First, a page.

The ice is nice, but it’s the penguins that make the party in Antarctica.
Gentoo Penguins in particular, a variety found in the warmer extents of Antarctica’s icy edges, kill time on land by stealing pebbles from each other and starting new arguments with their neighbours. Pebbles and stones are the main construction materials for building a nest, but it takes a brave penguin to wander through the rookery and grab a small rock.
In between bouts of territorial tussling the major activity of Gentoo and Chinstrap Penguins is to poop. With bellies full of krill they cover every inch of exposed rock with processed pink, which goes someway to explaining why penguins have never been popular as house-pets.
Visitors to Antarctica have ample opportunity to get close to the penguins, with daily excursions of the ships and the freedom to wander about the wildlife. There are rules about keeping your distance from the penguins, but it’s not uncommon for the penguins to ignore these guidelines.
Spend a moment sitting on a rock to observe the antics of the Gentoo and you might find yourself the object of their curiosity. I was approached by one lonely male with his flippers flapping but, after a few minutes staring at my thick red jacket, decided I wasn’t his type.
Expeditions that head south towards the Antarctic Circle, the infamous 65 degrees south, are likely to encounter the adorable Adelie Penguins. They have a smaller head than the Gentoo, in more ways than one, and their beady little black eyes are ringed in a white circle as though drawn on by a cartoonist.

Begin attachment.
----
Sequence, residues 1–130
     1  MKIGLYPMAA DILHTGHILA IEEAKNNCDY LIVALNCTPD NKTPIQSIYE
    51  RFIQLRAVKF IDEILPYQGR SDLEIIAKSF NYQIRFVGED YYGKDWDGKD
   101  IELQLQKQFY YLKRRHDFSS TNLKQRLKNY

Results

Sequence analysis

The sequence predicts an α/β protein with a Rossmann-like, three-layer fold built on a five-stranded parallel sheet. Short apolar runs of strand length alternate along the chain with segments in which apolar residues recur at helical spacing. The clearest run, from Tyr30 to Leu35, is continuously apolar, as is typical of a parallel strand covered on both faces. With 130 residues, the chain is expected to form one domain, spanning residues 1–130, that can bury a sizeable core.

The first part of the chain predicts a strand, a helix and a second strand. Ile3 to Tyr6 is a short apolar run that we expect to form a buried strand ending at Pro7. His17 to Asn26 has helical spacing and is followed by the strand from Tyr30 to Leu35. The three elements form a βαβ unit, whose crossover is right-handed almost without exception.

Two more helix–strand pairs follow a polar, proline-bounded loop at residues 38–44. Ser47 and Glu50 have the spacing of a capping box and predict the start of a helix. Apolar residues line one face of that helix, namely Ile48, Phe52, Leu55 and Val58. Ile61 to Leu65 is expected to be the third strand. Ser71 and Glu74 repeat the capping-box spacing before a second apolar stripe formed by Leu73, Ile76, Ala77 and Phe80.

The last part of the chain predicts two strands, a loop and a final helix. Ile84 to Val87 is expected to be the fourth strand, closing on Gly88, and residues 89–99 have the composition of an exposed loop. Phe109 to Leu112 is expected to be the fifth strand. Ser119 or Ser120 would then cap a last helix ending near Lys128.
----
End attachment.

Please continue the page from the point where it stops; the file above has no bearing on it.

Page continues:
Adelies are better prepared for the more southerly conditions, being a little hardier in the cold winds and a lot smarter across the ice. Given a long stretch of snow the Adelie flop onto their bellies and kick themselves along like a sled. They also flap their wings in unison, which gives the impression they can actually swim on the ice.
The major party trick for Gentoos, Adelies and Chinstraps is landing on an iceberg. They shoot out of the water like darts and hit the ice with more speed than grace. Not all icebergs are ideal for a splash-landing, and it’s tragically comical to watch a poorly coordinated penguin slide backwards into the water after misjudging the target.
Nature did not design the penguin with rocks and bergs in mind, with their little legs and fat bodies, but it all comes good once they enter the water. With a glass of red wine in one hand and a camera in the other you can enjoy the view from the ship’s bow and watch pods of penguins below popping through the waves at high speed.
Gentoos and Adelies swim in gangs, leaping through the air like miniature dolphins, but you might have to put down your glass of wine to take a photo.
The longer cruises around the Antarctic Peninsula also visit the islands of South Georgia, and that’s where you find the King Penguins. Similar in appearance to the Emperors they are a little shorter and far easier to visit. Emperors inhabit the coldest and most remote regions of Antarctica, below 65degrees south, while the Kings hang out on the stony beaches at the edges of the peninsula.
Anyone heading down to Antarctica this year will be overwhelmed by the sheer number of penguins, in and out of the water. They won’t be singing and dancing, but they will be glad to see you.